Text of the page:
The Thorn. Keep Bleeding. Turn it into Love
The cursor blinks. I edit every thought before it can escape through my fingers. I’m back to a place of intense and unrelenting physical pain that clouds how I see myself, my family, my community and my faith. I’m at a point where talking about my suffering in any forum, even my close personal relationships, seems self indulgent. This thorn is not going to be removed. Be quiet. Try and make your life about something else. Anything else.
Today I’m in bed with deep heat along my thoracic spine. I spent the first hours of my day making phone calls to follow up on recent adrenal testing I had at the hospital and pre-registering for one of several kinds of MRIs I need before my appointment next Thursday with my neurosurgeon in Maryland. I wrote several cards to sister warriors recovering from their own surgeries. I was back and forth to the bathroom. I had a serious mast cell attack over the weekend leaving me more ill than usual. I cannot seem to recover. I will get dressed soon and drive to the girl’s school to deliver snacks for the golf team’s away match and pick up Danica. This will take any spoons I have left.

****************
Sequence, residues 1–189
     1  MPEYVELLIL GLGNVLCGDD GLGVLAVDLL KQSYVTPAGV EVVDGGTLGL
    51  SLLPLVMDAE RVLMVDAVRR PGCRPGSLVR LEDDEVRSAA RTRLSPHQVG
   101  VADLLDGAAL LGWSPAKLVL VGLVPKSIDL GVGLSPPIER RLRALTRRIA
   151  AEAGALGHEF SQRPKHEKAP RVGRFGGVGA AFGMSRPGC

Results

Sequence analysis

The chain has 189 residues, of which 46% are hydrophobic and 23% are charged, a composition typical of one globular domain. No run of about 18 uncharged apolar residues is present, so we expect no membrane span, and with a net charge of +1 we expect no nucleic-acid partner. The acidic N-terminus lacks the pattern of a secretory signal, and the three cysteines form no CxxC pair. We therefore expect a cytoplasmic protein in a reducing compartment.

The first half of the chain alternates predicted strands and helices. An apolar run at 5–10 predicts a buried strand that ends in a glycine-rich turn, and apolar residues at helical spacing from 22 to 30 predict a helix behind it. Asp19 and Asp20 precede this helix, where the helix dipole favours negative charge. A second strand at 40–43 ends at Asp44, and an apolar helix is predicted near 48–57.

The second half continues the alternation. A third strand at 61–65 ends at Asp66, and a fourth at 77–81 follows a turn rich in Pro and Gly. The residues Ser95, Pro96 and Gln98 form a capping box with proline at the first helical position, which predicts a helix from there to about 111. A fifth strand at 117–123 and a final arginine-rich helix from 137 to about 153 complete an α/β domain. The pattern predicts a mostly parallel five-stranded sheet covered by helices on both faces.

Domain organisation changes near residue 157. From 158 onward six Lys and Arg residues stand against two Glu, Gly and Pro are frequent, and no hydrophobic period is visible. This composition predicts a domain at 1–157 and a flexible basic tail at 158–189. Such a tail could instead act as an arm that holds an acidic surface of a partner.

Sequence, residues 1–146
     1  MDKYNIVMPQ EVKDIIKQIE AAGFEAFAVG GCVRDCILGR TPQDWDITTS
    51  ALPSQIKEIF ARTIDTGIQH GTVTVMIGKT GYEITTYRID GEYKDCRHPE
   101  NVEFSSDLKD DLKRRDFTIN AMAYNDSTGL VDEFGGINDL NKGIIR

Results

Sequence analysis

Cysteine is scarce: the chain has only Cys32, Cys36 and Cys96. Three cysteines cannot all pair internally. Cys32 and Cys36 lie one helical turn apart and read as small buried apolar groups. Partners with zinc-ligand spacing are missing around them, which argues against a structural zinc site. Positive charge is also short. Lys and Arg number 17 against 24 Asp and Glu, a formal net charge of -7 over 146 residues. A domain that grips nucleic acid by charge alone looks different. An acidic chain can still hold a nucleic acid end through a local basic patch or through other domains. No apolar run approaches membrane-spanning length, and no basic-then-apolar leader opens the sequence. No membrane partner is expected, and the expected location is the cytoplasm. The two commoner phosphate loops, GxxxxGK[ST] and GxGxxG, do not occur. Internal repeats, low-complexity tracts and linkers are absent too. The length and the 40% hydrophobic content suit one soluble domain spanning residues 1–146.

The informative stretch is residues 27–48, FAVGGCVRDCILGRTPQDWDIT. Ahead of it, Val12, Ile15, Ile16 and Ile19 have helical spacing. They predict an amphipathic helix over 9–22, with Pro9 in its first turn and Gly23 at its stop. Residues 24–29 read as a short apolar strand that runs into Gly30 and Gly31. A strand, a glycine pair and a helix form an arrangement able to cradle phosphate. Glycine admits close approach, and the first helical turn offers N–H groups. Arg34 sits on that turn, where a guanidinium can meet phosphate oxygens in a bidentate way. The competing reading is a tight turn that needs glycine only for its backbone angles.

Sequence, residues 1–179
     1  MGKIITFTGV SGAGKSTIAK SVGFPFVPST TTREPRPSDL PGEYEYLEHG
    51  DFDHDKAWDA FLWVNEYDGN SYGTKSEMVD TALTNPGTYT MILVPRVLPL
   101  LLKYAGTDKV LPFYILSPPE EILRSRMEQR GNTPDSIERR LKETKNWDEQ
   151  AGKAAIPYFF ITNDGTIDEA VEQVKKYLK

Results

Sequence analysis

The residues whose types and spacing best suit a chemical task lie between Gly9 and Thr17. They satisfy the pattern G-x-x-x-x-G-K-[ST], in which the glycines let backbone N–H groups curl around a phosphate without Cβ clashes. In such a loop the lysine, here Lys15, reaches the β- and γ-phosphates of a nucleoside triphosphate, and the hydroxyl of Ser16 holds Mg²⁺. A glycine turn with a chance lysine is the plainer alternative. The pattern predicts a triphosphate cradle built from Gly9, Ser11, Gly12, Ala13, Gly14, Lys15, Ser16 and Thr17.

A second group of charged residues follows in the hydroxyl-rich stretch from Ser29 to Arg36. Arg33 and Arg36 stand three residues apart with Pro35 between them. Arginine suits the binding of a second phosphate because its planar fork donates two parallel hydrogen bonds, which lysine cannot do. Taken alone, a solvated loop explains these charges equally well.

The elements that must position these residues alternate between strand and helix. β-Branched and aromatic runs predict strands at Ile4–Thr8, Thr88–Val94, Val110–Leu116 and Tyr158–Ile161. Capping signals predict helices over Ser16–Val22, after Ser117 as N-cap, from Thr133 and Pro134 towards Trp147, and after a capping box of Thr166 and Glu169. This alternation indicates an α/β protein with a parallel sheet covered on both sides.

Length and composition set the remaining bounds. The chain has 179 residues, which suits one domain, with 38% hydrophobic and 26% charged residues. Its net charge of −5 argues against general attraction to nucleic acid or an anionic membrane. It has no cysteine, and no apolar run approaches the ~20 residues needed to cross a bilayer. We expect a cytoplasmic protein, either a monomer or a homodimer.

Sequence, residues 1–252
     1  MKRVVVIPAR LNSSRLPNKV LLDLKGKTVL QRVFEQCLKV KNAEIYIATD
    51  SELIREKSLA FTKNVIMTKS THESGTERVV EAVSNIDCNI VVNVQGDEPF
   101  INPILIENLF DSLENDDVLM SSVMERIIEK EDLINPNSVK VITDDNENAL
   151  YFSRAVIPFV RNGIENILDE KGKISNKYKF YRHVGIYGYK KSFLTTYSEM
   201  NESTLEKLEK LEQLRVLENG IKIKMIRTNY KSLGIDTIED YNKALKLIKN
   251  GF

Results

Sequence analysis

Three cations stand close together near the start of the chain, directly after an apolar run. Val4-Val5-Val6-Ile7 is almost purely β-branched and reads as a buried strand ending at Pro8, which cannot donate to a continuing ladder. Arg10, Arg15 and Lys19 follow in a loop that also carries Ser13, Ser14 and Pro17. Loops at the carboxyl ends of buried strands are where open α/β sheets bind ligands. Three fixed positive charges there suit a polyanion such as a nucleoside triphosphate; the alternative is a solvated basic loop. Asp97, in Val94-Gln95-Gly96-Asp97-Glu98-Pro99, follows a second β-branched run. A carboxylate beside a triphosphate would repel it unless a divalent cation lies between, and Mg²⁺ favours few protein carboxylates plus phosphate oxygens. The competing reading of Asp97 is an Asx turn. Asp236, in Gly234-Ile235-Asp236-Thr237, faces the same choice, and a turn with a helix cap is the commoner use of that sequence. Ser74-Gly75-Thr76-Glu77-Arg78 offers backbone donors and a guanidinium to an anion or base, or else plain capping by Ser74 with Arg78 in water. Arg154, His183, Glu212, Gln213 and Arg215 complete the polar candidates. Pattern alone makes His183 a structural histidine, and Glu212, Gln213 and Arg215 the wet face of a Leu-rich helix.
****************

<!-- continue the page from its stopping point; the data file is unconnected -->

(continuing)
Yesterday I made a rash decision to take my Danica’s Rolo to boarding for a few days and nights. I spent Sunday in frantic pain, and I began to count the number of times I was bending to help put him on the leash or take it off or put him in his crate and get him out or grab him when he was chewing something he shouldn’t or was playfully chasing my little Twixie. I was doing more than before because Dan was working overtime again and Danica was still recovering from her fall last week. Her spine was hurting too. I woke with desperation. I had to know if being still could improve the suffering of neck spasms and the scary symptoms of dystonia in my limbs, neuropathy and loss of feeling in my hands and feet. Most of all I needed a break. The guilt overwhelmed me.
“What good is guilt? We ask. We like the sound of the question. It puts a crude finger on a heartbeat in us that won’t stop racing, a pulse broken in sympathy. It makes us talk. It makes us talk about ourselves. It makes us confess. We want to purge something even confession won’t justify…”–James Agee